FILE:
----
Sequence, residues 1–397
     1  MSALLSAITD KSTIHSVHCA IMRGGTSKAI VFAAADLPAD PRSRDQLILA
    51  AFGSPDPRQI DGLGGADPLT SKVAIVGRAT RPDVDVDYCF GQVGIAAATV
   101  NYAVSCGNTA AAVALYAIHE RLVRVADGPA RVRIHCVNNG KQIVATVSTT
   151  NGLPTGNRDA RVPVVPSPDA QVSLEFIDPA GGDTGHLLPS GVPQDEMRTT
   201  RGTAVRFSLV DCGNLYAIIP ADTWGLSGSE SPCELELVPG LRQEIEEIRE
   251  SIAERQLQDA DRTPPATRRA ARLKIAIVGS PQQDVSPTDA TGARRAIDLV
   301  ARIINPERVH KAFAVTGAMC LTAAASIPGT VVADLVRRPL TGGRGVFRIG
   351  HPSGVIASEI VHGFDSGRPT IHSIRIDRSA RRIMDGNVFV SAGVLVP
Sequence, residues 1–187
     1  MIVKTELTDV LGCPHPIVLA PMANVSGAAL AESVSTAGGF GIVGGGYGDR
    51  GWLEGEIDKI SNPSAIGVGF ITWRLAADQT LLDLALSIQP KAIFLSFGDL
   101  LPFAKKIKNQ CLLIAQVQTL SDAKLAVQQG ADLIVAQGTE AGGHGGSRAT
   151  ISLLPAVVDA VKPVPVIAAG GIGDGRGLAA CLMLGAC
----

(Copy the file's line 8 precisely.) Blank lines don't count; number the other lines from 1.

   301  ARIINPERVH KAFAVTGAMC LTAAASIPGT VVADLVRRPL TGGRGVFRIG